“Going to rain! Gran’pa,” said the boy in his tongue of the town. “And will there be a flood? And will the beck come into the house? Then Sis and I will make a raft of the big table and sail round the paddock; and oh! Perhaps the fish will come into the house too.”
So quoth the boy, and, clapping his hands, he ran back to the flaxen-haired little maiden standing on the threshold, shouting in very glee, “Sis, there’s going to be a flo-o-od.”
That night as they sat by the fire—the shutters closed, the rain beating on the tiny panes, against which the wind tossed the branches of the jessamine—after Aald Ben and the preacher had each lighted his last pipe, and the boy, tired with a long day’s play, rested by his father’s side, and the girl laid her bonnie face against her mother’s knee, Aald Izzabel the while making dreamy music with her knitting needles—then, the old man laughed to himself in a low laugh, and began to tell an oft-told tale:—
“I was thinkin’,” he said to his daughter by way of introduction, “that ye must ha’ made a mistak’ at that lad’s chrissening. Ye sud ha’ called him Noah, or p’raps Jonah wad ha’ bin better. Ye’ve bin here hardly three weeks and twenty times he’s asked me, ‘Is there going to be a flood, Gran’pa?? Why can’t we have a good big roaring flood?’ Yes, Agnes, me lass, ye ha’ made a mistak’ for sure.”
“Well,” laughed the tender, jealous mother, “he’s only a boy, and ‘boys will be boys,’ you know, Father.”
“Ay! Ay! For sure,” was the reply, “lads mun be lads, I ken that, and I was as big a hemp as ony mysel’. Bless the bairn! But I ha’ bin wondering what he’s ha’ said if he’d seen the flood that came down twenty-five year sen, and went with the brig by the kirk, and mony another besides. Ye town’s-folk ha’ mony a joke about the size of our back, but that night, Aald Parson Grayson [Thomas Blades or Henry Thompson?]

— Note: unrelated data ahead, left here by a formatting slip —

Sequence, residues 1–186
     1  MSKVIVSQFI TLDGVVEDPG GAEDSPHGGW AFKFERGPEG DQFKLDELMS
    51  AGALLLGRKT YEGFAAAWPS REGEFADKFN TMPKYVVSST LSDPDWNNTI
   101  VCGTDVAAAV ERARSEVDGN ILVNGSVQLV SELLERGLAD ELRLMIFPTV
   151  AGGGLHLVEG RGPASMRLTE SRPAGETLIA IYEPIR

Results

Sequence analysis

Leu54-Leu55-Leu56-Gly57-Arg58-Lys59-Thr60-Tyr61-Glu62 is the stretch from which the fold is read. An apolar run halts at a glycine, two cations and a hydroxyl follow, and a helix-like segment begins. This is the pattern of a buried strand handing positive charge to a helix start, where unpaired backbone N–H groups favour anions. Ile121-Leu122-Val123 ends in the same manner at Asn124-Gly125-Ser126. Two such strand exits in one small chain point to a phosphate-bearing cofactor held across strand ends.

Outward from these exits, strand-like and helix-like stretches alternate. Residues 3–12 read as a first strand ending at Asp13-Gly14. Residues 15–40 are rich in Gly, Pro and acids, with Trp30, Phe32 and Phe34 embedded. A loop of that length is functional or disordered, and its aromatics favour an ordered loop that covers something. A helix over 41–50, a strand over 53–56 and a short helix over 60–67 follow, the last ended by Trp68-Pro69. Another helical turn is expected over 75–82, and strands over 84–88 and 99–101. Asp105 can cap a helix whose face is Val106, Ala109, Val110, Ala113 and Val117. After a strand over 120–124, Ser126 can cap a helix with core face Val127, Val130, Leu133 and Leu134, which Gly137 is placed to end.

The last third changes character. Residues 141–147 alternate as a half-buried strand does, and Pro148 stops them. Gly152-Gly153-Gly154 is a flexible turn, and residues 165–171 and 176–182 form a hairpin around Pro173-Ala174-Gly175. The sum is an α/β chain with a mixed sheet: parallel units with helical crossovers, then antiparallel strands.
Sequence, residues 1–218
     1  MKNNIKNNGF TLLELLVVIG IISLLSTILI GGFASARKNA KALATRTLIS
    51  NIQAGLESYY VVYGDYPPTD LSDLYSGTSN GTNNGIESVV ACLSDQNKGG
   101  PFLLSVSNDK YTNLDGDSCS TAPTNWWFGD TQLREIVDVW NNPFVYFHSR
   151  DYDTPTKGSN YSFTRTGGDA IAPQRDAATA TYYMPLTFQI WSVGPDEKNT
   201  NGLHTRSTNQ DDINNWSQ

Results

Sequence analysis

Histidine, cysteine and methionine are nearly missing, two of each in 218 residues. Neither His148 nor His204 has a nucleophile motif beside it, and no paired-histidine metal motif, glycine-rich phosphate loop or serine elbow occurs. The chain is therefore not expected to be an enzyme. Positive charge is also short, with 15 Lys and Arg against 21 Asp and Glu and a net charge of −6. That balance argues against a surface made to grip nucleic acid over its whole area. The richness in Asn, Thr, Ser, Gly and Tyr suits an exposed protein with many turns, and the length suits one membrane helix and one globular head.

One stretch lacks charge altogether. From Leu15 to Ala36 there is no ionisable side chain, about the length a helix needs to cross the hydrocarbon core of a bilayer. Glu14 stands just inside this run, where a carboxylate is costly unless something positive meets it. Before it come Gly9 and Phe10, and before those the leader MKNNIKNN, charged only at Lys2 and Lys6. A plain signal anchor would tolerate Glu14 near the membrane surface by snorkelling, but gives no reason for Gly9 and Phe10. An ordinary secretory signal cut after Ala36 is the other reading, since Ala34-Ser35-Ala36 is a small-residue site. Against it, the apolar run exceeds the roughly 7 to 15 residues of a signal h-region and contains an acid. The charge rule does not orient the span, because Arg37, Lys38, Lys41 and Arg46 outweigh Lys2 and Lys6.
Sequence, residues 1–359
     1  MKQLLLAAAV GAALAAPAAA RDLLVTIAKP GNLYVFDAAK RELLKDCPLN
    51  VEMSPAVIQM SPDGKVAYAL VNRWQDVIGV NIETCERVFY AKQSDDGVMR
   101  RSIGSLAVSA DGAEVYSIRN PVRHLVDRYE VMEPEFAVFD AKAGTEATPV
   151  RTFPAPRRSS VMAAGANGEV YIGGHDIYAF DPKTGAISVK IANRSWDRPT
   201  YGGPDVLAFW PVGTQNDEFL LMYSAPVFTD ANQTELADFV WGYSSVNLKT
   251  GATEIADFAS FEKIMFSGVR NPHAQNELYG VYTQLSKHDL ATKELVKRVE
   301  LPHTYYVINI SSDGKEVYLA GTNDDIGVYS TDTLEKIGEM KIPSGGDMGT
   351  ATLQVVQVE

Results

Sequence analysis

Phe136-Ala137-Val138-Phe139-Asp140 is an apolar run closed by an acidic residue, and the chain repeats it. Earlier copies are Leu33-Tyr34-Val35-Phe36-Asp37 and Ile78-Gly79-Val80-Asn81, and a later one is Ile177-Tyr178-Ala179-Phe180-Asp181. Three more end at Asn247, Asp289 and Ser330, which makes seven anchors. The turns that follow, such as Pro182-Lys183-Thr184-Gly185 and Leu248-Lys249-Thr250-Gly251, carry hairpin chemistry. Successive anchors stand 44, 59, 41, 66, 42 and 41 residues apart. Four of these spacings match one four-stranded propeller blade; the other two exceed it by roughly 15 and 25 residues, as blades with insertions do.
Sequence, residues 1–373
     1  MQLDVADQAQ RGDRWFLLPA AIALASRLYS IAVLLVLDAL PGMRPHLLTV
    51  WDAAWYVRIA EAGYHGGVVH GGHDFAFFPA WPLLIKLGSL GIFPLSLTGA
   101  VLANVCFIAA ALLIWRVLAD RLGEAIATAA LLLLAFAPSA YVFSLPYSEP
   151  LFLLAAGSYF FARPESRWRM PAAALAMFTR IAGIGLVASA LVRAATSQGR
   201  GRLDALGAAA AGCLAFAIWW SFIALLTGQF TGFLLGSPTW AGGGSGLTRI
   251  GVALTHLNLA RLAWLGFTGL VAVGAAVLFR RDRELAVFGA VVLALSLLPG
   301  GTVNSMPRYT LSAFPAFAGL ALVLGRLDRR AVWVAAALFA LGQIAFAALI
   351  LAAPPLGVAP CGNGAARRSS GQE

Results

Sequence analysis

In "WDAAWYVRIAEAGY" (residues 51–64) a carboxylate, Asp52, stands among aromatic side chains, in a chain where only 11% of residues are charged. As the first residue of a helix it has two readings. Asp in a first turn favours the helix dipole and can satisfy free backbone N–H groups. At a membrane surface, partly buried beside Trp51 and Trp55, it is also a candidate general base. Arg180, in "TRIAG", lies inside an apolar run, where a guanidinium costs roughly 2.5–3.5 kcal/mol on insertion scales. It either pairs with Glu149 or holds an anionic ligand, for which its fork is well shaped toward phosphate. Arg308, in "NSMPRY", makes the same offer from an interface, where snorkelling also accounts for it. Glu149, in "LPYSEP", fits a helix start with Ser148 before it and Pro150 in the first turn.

often said, it put him in mind o’ the waves o’ the sea.
“Did I say just now it was twenty-five year sen? I’se wrang theer—it’s about twenty, an’ tho’ that’s a lang time, it seems to me nobbut yesterday. Let me see—Agnes would be twelve year aald and Ben was ten. Mary had been in t’kirk-garth [church-yard] two year, and Betsy was in the world just three weeks. Ay! It had bin a hardish time wi’ us. The summer before we’d buried Fadther, and now Modther, who had come to live wi’ us when he gat away, was lying theer in her bed hard by the fire, just wearying away. Izzabel had only just gitten downstairs wi’ Betsy, and was none fit to come, but what wi’ Modther and t’bairns, the neighbour lass that came in to help us a bit was well-nigh run off her feet, so, against doctor’s orders, Izzabel had come down.
“I mind it weel—as weel I may! Sixty year I ha’ lived I’t’dale an’ never knew sic a year. All through the summer it had rained an’ rained, and t’beck time and again bank-full. Then on through the autumn still rain, ‘til it had worn into October, an’ then came a clear day or two and—curious, wasn’t it?—in the fairest day of all the year, the flood came.